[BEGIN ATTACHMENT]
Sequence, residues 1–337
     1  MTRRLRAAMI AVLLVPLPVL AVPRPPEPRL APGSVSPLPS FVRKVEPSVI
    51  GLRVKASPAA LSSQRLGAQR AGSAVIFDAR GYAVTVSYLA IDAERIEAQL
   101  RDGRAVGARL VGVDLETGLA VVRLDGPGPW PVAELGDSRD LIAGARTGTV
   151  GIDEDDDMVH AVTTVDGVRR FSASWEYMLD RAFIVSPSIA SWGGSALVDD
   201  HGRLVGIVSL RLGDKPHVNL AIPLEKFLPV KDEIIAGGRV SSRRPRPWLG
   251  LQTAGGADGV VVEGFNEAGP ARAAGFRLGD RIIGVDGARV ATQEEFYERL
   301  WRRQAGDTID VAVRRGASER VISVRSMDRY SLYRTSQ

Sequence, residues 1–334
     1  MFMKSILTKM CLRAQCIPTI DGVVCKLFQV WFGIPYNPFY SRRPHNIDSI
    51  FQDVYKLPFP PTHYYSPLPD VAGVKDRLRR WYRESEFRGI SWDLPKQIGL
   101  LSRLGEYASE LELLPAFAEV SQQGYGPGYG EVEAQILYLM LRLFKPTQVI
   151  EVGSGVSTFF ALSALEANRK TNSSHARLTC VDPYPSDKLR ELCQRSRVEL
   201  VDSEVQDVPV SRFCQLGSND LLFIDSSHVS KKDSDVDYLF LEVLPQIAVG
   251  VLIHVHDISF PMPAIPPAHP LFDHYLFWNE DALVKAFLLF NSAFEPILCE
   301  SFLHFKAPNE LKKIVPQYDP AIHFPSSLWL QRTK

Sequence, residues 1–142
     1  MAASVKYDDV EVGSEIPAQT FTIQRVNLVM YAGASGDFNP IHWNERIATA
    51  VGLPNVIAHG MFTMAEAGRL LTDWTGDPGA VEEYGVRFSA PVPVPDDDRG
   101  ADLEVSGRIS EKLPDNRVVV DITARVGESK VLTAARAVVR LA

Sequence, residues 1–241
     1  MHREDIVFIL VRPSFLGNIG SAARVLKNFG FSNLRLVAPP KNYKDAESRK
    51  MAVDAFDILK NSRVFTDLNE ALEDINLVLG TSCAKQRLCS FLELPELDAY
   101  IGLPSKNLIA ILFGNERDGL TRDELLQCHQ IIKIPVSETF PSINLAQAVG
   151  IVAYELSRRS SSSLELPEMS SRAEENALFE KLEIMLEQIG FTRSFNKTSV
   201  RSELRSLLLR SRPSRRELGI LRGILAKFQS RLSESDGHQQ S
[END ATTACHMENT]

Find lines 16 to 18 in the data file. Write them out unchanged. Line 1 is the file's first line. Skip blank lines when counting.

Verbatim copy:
   301  SFLHFKAPNE LKKIVPQYDP AIHFPSSLWL QRTK

Sequence, residues 1–142
     1  MAASVKYDDV EVGSEIPAQT FTIQRVNLVM YAGASGDFNP IHWNERIATA